1911 Encyclopædia Britannica/Chaco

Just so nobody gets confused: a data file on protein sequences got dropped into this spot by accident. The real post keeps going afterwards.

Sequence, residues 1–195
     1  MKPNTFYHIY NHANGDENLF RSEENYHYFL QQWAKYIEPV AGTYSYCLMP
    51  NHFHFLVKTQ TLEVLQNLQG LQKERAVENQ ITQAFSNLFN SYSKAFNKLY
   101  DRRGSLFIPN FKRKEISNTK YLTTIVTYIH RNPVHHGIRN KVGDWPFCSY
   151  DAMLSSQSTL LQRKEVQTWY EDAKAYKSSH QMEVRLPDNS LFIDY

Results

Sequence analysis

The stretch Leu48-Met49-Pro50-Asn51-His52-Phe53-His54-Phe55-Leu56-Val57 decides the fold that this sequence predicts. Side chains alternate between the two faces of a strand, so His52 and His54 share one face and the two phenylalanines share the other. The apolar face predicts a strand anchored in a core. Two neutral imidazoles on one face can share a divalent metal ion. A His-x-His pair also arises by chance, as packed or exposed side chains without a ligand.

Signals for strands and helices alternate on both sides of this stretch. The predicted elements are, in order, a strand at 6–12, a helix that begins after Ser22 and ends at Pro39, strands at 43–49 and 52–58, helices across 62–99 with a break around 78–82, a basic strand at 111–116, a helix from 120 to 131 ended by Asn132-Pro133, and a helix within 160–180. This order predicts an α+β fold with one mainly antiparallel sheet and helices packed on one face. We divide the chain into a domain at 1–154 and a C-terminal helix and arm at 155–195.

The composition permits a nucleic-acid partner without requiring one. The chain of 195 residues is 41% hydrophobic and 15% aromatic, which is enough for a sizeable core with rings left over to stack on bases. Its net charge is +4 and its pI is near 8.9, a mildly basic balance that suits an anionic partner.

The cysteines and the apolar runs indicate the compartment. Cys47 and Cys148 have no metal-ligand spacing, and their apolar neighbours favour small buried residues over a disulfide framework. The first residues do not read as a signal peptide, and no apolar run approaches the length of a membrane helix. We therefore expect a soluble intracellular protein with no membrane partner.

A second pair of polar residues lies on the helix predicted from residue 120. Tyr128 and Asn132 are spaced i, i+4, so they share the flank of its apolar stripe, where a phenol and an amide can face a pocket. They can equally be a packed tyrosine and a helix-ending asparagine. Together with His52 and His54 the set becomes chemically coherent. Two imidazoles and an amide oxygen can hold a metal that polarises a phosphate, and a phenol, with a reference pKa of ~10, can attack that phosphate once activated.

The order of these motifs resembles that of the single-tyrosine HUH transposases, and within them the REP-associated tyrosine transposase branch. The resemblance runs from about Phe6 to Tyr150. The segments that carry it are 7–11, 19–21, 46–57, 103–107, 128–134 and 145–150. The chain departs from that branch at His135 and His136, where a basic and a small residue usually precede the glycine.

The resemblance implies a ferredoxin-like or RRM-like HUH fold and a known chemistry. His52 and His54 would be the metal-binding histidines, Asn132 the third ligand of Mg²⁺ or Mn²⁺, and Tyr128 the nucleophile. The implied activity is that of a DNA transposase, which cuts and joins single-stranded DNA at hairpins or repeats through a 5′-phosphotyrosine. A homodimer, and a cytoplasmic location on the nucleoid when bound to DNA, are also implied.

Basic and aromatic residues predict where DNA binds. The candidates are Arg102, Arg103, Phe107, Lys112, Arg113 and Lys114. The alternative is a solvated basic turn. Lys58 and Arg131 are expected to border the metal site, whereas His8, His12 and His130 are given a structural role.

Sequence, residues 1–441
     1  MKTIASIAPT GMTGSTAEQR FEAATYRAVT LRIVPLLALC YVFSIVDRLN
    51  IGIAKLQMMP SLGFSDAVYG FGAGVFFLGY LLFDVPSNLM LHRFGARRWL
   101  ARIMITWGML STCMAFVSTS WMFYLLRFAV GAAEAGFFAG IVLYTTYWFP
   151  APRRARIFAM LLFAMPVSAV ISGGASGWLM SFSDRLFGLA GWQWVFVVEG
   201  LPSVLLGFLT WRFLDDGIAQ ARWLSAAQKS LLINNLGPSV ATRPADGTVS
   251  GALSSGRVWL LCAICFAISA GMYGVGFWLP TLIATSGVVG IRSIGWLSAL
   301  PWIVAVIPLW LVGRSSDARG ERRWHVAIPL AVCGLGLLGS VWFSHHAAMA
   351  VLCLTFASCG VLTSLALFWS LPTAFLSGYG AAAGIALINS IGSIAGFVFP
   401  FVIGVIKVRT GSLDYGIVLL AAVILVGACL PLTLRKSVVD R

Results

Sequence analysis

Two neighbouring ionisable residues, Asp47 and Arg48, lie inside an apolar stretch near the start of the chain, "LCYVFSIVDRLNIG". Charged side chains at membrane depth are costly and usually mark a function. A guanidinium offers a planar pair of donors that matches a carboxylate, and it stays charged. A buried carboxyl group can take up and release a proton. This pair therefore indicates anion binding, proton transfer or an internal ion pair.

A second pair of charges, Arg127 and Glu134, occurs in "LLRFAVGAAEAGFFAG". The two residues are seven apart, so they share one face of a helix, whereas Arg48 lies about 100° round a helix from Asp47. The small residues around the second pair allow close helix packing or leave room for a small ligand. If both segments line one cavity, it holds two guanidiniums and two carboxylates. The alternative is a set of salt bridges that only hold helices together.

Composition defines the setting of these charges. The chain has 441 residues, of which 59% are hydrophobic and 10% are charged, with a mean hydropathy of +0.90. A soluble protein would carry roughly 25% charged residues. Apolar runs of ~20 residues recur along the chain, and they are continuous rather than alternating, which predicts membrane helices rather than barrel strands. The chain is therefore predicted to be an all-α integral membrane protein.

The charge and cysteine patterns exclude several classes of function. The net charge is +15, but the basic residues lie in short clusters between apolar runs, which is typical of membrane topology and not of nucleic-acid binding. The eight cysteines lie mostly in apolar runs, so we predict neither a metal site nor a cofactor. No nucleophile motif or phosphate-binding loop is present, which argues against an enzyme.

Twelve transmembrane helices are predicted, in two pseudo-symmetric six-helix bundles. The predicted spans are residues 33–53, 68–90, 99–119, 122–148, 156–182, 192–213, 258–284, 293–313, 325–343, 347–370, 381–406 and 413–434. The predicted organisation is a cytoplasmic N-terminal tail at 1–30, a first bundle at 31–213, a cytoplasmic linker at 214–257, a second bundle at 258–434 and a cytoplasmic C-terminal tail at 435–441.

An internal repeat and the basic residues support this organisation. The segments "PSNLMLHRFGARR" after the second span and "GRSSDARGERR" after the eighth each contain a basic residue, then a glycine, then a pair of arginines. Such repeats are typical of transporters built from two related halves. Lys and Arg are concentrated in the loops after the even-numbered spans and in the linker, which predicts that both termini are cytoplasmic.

CHACO, a territory of northern Argentina, part of a large district known as the Gran Chaco, bounded N. by the territory of Formosa, E. by Paraguay and Corrientes, S. by Santa Fé, and W. by Santiago del Estero and Salta. The Bermejo river forms its northern boundary, and the Paraguay and Paraná rivers its eastern; these rivers are its only means of communication. Pop. (1895) 10,422; (1904, est.) 13,937; area, 52,741 sq. m. The northern part consists of a vast plain filled with numberless lagoons; the southern part is slightly higher and is covered with dense forests, occasionally broken by open grassy spaces. Its forests contain many species of trees of great economic value; among them is the quebracho, which is exported for the tannin which it contains. The capital, Resistencia, with an estimated population of 3500 in 1904, is situated on the Paraná river opposite the city of Corrientes. There is railway communication between Santa Fé and La Sabana, an insignificant timber-cutting village on the southern frontier. In the territory there are still several tribes of uncivilized Indians, who occasionally raid the neighbouring settlements of Santa Fé.